Romy Shiller

3D Does Not Work My Buzz

In Film on November 25, 2011 at 4:43 pm

The only thing worse than being blind is having sight but no vision.

 

 Helen Keller

 

I posted on Facebook that Titanic was being re-released in 3D and that 3D was overrated. “There has been much talk recently about a ‘3D revolution’. Millions flocked to cinemas to see 3D films such as Avatar and Alice in Wonderland.”

 

Several responses to my Facebook post included, “3D is ridiculous“The glasses don’t work well for those of us already wearing specs” and “the current obsession with 3D movies means that movie makers actually take 2D movies and artificially slice them into a series of displaced planes in 3D space so that they can sell them as 3D movies. Look at the movie “Avatar: The Last Airbender”… 2D movie modified a bit and masquerading as 3D. Either film it with a 3D camera and sell it as 3D or just call it what it is: a regular movie.”

 

An article called Is it Real 3D or Fake 3D? says, Many studios are “faking it” by converting 2D films into 3D post-production. Worse, the studios are not being upfront in their advertising, with some people feeling ripped-off after paying extra fees for the 3D Experience.” On Yahoo! Answers somebody said, “3D movies are horrible these days. I like my movies staying on the screen enticing me to see what happens next. Not get some headache on watching random things pop off the screen at me.”

 

According to a study of 400 filmgoers by L Mark Carrier, of California State University, 3D movies do not allow viewers to experience more intense emotional reactions, are no more immersive, and do not offer any advantage over their 2D counterparts in terms of enhancing the ability to recall a film’s details. Carrier’s study did, however, suggest that watching films in stereoscope increased threefold the risk of eyestrain, headache or trouble with vision.

 

I have wanted to write a piece about 3D for a very long time and now it seemed opportune. Many, many people do not like 3D but you would be hard-pressed to know it. Also, many viewers only see 2D – up to 12 percent. “According to British charity The Eyecare Trust, as many as 6 million Britons can’t properly process 3D images due to visual Impairment… See, as it turns out, you don’t have to be legally blind or Cyclops from X-Men to be part of the unlucky minority that’ll view future games, movies, and TV shows not in 3D, but as a blurred mess of reds, blues, and disappointment…” Films like Avatar, which deal with impairment, are not accessible to the impaired for a couple of weeks. This is so hypocritical to me I can’t even begin… “

 

“3D images can cause headaches and vision problems in a significant portion of the population.”

 

Half an hour after seeing the film Alice In Wonderland in 3D, Josh James blacked out on his way home and rolled his car. Could 3D have been to blame?

 

There are growing concerns about the side effects of the technology, with experts warning of altered vision, confusion, dizziness and even convulsions.

 

Josh himself needs no convincing that 3D was behind his accident.

 

Josh is an 18 year-old student. While watching the film, the 3D really bothered him. ‘I definitely think watching a 3D film played a major part, especially as I know other people who have had strange after-effects, too.’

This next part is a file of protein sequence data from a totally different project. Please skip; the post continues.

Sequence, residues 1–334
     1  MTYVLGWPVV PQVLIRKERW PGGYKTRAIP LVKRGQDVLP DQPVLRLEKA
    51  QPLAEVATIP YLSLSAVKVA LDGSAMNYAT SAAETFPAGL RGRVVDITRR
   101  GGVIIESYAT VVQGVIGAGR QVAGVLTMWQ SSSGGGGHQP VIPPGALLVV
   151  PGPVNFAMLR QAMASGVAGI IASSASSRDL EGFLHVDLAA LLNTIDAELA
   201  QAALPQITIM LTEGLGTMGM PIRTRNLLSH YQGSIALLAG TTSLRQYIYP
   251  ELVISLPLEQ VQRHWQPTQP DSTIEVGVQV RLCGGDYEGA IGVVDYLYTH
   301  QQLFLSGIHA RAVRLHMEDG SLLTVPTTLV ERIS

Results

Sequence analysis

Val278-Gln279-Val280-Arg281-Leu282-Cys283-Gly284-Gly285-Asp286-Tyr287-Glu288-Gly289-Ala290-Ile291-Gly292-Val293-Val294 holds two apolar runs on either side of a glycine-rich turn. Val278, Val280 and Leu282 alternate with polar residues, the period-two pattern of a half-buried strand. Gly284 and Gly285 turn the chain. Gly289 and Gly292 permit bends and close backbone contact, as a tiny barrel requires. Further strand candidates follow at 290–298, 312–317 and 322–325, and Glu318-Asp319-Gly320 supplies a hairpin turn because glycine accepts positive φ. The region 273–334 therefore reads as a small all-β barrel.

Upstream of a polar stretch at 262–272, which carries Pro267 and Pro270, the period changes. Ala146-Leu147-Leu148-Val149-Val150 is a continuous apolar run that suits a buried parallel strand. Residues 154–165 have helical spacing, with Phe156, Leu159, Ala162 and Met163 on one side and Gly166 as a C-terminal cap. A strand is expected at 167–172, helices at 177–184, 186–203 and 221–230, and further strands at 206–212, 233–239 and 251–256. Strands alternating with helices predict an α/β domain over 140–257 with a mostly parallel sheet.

Consumer electronic giants, such as Samsung, have issued several warnings relating to the consumption of 3D. For example last year, Samsung said that its 3D TV sets could trigger epileptic fits or cause ailments ranging from altered vision and dizziness to nausea, cramps, convulsions and involuntary movements such as eye or muscle twitching.

 

When I saw the last Harry Potter film [review] on DVD, it was obvious that being filmed in 3D produced a flawed visual aspect to the film now in 2D. “In what has to be one of the most candid and honest rants from a movie CEO in years, Universal chief Ron Meyer has revealed all about the rubbish films his company makes and how 3D can make some awful movies ‘palatable’…Meyer admits that a number of the movies Universal has made in recent years have been, er, below par – he cites Wolfman and Babe 2 – but believes that new-ish cinema gimmicks like 3D should be used with caution, even though they can improve bad films.” I guess ‘palatable’ is subjective. Anyhow, point taken – 3D makes bad films better.

 

I’m not sure (right!) but if I wanted my film to make money later as a rental, I’d make sure it was 2D. However, even 3D films on the big-screen have problems; “To put it bluntly, Mars Needs Moms has been a mega-flop. The film cost about $175m (£110m) to make and market – yet grossed less than $7m on its opening weekend in the US.”

 

Maybe filmmakers need an excuse to re-release their film on the big screen. For Cameron, 3D gives him a reason to re-release Titanic apparently. It seems kind of irresponsible to me:

 

 

 

As UC Berkeley’s Martin Banks said back last year to Tech Review, “In 3D…at a movie theater, or in another situation where the screen is at a great distance — objects that seem to recede behind the screen cause greater eyestrain. This holds true even for “glasses-free” 3D experiences, Banks tells Technology Review.

 

Frankly, 3D is a pain in the ass for many. “Many of us were like, 3-D movies are so cool, it’s gotta do something. It didn’t seem to enhance your memory at all. That’s an unfortunate implication.”  If seeing a film is supposed to be a pleasant diversion, in this case it is not.

 

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